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Hooker on Rule-Consequentialism and Virtue

Published online by Cambridge University Press:  19 July 2013

DALE E. MILLER*
Affiliation:
Old Dominion University, demiller@odu.edu

Abstract

In Ideal Code, Real World, Brad Hooker proposes an account of the relation between his rule-consequentialism and virtue according to which the virtues (1) have intrinsic value and (2) are identical with the dispositions that are ‘essential parts of accepting the rules’ of the ideal code. While it is not clear whether Hooker actually intends to endorse this account or only intends to moot it for discussion, I argue that for him to adopt it would be a mistake. Not only would this mean that his moral theory was no longer properly a consequentialist view at all, but it would commit him to inconsistent views about how normative theories – in particular theories of morality in the deontic sense and theories of virtue – are justified.

Type
Research Article
Copyright
Copyright © Cambridge University Press 2013 

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References

1 Hooker, Brad, Ideal Code, Real World: A Rule-Consequentialist Theory of Morality (Oxford, 2000), p. 32Google Scholar.

2 Hooker, Ideal Code, Real World, pp. 34–6.

3 Hooker, Ideal Code, Real World, p. 36.

4 Hooker, Ideal Code, Real World, pp. 36–7.

5 See for example Brink, David O., Moral Realism and the Foundations of Ethics (Cambridge, 1989), p. 215CrossRefGoogle Scholar, and Kagan, Shelly, Normative Ethics (Boulder, 1998), pp. 28–9, 59–69Google Scholar.

6 Hooker, Ideal Code, Real World, p. 2.

7 A reviewer for this journal noted that my definition might be open to this objection.

8 Hooker, Brad, ‘Ross-Style Pluralism versus Rule-Consequentialism’, Mind 105 (1996), pp. 531–52, at 531CrossRefGoogle Scholar.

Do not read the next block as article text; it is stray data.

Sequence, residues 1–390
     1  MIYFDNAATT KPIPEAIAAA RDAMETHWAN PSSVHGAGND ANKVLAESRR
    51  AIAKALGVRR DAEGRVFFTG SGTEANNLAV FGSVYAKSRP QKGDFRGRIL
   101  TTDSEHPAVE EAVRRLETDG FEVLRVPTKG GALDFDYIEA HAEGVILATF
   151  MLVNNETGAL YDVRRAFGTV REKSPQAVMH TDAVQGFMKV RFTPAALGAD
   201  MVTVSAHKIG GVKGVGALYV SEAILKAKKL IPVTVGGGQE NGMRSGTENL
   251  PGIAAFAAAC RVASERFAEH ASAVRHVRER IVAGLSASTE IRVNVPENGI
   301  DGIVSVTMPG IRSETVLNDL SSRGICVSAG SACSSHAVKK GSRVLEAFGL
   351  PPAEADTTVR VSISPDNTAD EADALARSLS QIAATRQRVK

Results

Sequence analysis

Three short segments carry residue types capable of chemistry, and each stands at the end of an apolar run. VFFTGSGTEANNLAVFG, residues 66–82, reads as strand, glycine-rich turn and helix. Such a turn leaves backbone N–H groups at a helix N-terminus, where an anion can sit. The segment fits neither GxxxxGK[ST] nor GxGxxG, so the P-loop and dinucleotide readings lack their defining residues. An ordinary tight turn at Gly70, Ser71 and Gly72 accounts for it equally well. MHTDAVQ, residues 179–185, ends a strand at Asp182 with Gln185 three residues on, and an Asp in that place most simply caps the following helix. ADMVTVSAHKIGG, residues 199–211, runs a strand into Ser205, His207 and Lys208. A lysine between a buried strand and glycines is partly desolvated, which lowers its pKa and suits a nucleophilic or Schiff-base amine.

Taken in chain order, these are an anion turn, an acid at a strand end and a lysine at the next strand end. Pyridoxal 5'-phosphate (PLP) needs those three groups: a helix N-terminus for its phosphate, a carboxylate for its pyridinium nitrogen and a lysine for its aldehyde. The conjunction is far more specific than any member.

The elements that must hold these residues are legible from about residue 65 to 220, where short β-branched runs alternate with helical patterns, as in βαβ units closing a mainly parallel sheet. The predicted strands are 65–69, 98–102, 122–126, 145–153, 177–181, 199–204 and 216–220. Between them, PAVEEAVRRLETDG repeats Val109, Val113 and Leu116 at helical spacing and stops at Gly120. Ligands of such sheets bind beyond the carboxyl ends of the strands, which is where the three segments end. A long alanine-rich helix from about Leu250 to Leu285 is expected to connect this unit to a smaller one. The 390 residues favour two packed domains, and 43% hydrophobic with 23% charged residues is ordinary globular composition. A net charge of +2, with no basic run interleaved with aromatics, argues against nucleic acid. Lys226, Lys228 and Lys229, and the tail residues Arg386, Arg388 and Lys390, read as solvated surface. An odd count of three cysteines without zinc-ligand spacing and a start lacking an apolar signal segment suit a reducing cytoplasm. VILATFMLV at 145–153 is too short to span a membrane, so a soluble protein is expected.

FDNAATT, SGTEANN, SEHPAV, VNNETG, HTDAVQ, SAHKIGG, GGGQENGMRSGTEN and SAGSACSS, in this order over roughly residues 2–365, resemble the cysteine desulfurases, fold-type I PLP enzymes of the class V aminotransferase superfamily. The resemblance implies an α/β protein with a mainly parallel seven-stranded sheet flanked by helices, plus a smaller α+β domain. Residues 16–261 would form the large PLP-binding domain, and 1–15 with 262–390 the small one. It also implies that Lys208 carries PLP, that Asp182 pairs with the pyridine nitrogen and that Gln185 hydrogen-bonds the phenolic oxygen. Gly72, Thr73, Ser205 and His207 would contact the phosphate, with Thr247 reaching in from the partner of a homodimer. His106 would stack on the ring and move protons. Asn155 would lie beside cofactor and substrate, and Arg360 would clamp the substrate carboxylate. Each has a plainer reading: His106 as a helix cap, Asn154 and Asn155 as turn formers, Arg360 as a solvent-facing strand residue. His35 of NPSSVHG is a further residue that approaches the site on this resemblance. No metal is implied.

9 Hooker, Ideal Code, Real World, p. 104.

10 Hooker, ‘Ross-Style Pluralism versus Rule-consequentialism’, pp. 531–52; Hooker, Ideal Code, Real World, pp. 19–23.

11 Hooker, Ideal Code, Real World, p. 4.

12 For a more detailed description of reflective equilibrium, see Rawls, John, A Theory of Justice, 2nd ed. (Cambridge Mass., 1999), pp. 1819, 42–5Google Scholar; Rawls, John, ‘The Independence of Moral Theory’, John Rawls: Collected Papers, ed. Freeman, Samuel (Cambridge Mass., 1999), pp. 286302Google Scholar; Daniels, Norman, ‘Wide Reflective Equilibrium and Theory Acceptance in Ethics’, The Journal of Philosophy 76 (1979), pp. 256–82CrossRefGoogle Scholar.

13 For this criticism see Miller, Dale E., ‘Hooker's Use and Abuse of Reflective Equilibrium’, Morality, Rules, and Consequences: A Critical Reader, ed. Hooker, Brad, Mason, Elinor and Miller, Dale E. (Edinburgh, 2000), pp. 156–78Google Scholar.

14 Hooker, Ideal Code, Real World, p. 16; see also Hooker, Brad, ‘Reflective Equilibrium and Rule Consequentialism’, Morality, Rules, and Consequences: A Critical Reader, ed. Hooker, Brad, Mason, Elinor and Miller, Dale E. (Edinburgh, 2000), pp. 222–38Google Scholar, at 230.

15 Hooker, ‘Reflective Equilibrium and Rule Consequentialism’, p. 230.

16 Hooker, ‘Reflective Equilibrium and Rule Consequentialism’, p. 230.

17 See, e.g. Bonjour, Laurence, ‘The Coherence Theory of Empirical Knowledge’, Philosophical Studies 30 (1976), pp. 281312, at 288–9CrossRefGoogle Scholar.

18 Hooker maintains that we should require only a weak internal coherence from moral theories, one that amounts to little more than internal consistency, since requiring more would rule out ‘deeply pluralist’ theories (Ideal Code, Real World, p. 10). Yet this is no argument against requiring true coherence between our background theories and our moral theory.

19 ‘Reflective Equilibrium and Rule Consequentialism’, p. 226. See also Ideal Code, Real World, p. 4.

20 Ideal Code, Real World, p. 4.

21 See e.g. Brandt, Richard, Facts, Values, and Morality (Cambridge, 1996), esp. pp. 145–55Google Scholar.

22 Mill, John Stuart, Utilitarianism in Essays on Ethics, Religion and Society, Collected Works of J. S. Mill, vol. 10, ed. Robson, J. M. (Toronto), pp. 203–59, at 229Google Scholar.

23 Hooker, Ideal Code, Real World, p. 2 (see also p. 91).

24 Cf. Hooker, Brad, ‘The Collapse of Virtue Ethics’, Utilitas 14 (2002), pp. 2240, at 22CrossRefGoogle Scholar, where he seems to suggest that the virtues include a broader set of dispositions but never explains how these can all be essential parts of accepting the ideal code.

25 I owe this example to Ted Kinnaman.

26 Stocker, Michael, ‘The Schizophrenia of Modern Ethical Theories’, Journal of Philosophy 73 (1976), pp. 453–66, at 462CrossRefGoogle Scholar.

27 Ben Eggleston called my attention to the relevance of this point. Stohr, Karen discusses in more detail what the cold-hearted benefactor is lacking in the virtue department (‘Virtue Ethics and Kant's Cold-Hearted Benefactor’, Journal of Value Inquiry 36 (2002), pp. 187204)CrossRefGoogle Scholar.

28 I gratefully acknowledge the valuable comments of Ben Eggleston and a reviewer for this journal.